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Canada It's time to shed some light on native suicides in Thunder Bay

As with so much that is about Canada's native people, the story out of a Thunder Bay press conference last week didn't garner nearly the attention it should have.

A poignant piece in the local paper, the Chronicle Journal, which also appeared in the North Bay Nugget, was about as big as it got.

The facts are pretty damn startling: Five young students attending the same small first nations-run high school in Thunder Bay, all of them from remote Northern Ontario reserves, have died in sudden and unexpected ways in the past eight years - four of them since 2005.

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All were Nishnawbek, the word for members of the Nishnawbe-Aski Nation (NAN), an aboriginal political organization which represents almost 50 first nations communities in Ontario that lie north of the 50th parallel and whose total population of about 30,000 live scattered in dozens and dozens of isolated communities across a huge geographical area.

Jethro Anderson, a 15-year-old from Kasabonika Lake First Nation, about 400 kilometres north of Sioux Lookout, was the first. He died in a drowning accident on Nov. 11, 2000.

Curran Strang, 18, was next. From Pikangikum First Nation, which is about 200 kilometres from Sioux Lookout, he drowned in the Neebing-McIntyre Floodway in Thunder Bay on Sept. 16, 2005.

Paul Panacheese, from Mishkeegogamang First Nation, about 350 km northwest of Thunder Bay, died on Nov. 11, 2006; his death is alleged to have been drug-related.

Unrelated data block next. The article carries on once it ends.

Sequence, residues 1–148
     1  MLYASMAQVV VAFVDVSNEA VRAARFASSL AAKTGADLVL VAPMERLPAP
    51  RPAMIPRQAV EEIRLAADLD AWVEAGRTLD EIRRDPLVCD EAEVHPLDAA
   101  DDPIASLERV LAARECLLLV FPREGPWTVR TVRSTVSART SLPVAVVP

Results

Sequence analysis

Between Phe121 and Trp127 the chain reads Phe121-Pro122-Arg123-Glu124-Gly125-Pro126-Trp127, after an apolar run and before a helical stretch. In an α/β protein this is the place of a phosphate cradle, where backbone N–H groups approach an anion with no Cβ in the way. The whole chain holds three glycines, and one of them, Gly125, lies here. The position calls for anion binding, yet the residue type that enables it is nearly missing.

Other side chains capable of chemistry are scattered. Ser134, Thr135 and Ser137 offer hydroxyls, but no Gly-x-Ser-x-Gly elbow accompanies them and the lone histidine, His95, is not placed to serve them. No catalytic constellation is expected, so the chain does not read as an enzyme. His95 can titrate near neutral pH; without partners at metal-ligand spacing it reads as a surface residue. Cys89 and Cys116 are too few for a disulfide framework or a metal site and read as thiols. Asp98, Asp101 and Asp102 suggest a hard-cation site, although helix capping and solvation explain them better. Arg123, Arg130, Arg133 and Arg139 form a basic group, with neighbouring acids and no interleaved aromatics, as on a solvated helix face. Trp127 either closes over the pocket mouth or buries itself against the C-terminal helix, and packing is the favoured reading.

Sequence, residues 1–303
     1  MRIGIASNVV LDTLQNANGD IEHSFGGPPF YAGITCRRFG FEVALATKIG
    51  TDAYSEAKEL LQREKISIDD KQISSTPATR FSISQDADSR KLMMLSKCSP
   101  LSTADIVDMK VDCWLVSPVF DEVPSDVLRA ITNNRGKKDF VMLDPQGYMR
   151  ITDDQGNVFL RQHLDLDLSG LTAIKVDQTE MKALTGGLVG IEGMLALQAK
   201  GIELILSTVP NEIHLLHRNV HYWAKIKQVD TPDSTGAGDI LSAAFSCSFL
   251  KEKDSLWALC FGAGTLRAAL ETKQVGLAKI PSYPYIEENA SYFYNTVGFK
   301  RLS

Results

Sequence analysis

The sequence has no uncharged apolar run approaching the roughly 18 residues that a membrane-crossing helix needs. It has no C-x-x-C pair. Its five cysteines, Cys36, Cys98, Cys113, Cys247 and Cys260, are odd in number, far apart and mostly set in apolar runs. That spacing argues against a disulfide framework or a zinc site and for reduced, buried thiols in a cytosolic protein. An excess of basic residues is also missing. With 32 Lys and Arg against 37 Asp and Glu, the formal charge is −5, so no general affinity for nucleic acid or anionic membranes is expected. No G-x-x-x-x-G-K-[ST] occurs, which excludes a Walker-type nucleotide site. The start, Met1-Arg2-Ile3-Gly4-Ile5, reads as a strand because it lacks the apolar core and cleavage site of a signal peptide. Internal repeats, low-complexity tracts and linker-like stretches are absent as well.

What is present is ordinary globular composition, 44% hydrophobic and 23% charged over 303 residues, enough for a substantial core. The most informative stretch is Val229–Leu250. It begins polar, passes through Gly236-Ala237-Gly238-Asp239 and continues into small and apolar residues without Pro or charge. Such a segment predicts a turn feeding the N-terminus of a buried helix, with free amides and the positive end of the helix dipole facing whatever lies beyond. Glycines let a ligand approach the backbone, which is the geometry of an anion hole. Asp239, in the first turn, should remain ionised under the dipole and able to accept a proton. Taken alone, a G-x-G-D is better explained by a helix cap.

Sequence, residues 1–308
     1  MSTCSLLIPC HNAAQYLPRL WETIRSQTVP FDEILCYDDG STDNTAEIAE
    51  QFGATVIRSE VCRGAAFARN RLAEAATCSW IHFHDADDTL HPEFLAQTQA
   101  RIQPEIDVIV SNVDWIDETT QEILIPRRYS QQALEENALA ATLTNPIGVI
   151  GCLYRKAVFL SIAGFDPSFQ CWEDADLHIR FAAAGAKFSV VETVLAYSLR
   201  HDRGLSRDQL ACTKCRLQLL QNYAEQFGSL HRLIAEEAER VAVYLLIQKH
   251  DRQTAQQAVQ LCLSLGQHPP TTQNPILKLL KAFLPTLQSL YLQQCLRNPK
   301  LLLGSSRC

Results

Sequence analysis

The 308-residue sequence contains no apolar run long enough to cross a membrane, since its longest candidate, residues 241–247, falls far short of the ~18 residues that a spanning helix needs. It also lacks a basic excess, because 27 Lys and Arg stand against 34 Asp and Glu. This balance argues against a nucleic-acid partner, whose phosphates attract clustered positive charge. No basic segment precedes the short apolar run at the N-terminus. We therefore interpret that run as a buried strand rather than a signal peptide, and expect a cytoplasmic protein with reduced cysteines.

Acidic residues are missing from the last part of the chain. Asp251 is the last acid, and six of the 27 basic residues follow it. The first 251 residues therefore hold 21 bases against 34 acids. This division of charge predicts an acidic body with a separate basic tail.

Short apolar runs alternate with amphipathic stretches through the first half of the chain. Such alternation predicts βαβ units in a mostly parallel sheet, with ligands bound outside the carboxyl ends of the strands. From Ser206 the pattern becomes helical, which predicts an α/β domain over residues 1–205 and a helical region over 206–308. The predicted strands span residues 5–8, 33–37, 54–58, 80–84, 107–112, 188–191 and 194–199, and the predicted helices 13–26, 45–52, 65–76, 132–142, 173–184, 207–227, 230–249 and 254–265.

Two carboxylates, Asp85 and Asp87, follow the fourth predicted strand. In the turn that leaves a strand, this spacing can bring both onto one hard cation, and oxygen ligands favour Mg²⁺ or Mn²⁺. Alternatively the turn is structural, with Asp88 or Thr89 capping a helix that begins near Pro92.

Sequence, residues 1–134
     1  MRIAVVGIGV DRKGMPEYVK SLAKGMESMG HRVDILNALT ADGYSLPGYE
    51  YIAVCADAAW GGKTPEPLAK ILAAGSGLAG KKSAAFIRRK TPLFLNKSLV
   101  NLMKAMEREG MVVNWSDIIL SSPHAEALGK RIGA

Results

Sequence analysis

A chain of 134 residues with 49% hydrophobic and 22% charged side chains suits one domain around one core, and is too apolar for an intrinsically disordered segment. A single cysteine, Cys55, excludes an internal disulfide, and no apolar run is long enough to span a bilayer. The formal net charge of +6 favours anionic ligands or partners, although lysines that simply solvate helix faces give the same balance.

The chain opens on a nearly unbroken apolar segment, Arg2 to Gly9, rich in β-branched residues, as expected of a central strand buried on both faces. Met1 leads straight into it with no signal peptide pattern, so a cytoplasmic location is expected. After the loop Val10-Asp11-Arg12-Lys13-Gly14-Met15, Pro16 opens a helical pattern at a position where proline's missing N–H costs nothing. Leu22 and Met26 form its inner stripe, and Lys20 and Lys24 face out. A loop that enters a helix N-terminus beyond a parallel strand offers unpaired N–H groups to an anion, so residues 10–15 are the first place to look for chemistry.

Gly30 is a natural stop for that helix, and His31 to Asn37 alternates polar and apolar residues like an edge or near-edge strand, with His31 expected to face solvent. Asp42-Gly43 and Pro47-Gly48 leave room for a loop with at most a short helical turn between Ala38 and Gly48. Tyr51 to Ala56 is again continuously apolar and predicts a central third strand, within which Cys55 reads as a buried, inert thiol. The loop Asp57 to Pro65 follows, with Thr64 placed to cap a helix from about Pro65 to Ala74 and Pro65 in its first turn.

Robyn Harper, from Kee-way-win First Nation, a tiny community of 265 people about 300 km northwest of Sioux Lookout, died on Jan. 13, 2007, his death allegedly alcohol-related.

Reggie Bushie, only 15, went missing on Oct. 26 last year, his body found in the McIntyre River on Nov. 1. He was a member of the Poplar Hill First Nation, another hamlet of about 400 people accessible only by air and a so-called "winter road." His death also appears to have been a drowning.

Reggie's parents, Berenson and Rhoda King, were the first to call for a coroner's inquest into the death of their son, a quiet boy who had never left his reserve until he headed off to high school in Thunder Bay last fall.

They were joined by NAN Deputy Grand Chief Alvin Fiddler, whose organization retained well-known Toronto lawyer Julian Falconer to make the formal request last week.

"NAN has an increasing concern about the safety of their community members who attend high school in Thunder Bay," Mr. Falconer wrote in a March 6 letter. "For many small, remote, fly-in communities, NAN youth are required to attend a high school outside their home territories."

One such school is Dennis Franklin Cromarty High School.

Named in memory of a former NAN Grand Chief and leader, the school draws its student body of 250 from reserves across northwestern Ontario, is run by the Northern Nishnawbe Education Council and aims to provide a family atmosphere for students who are away from home, many for the first time.

But as Deputy Chief Fiddler said yesterday in a phone interview from Thunder Bay, "It's very challenging for a high school to look after 250 students with no family supports. ... We need to look at what are some of the possible solutions, what other supports need to be put in place and see that the students succeed."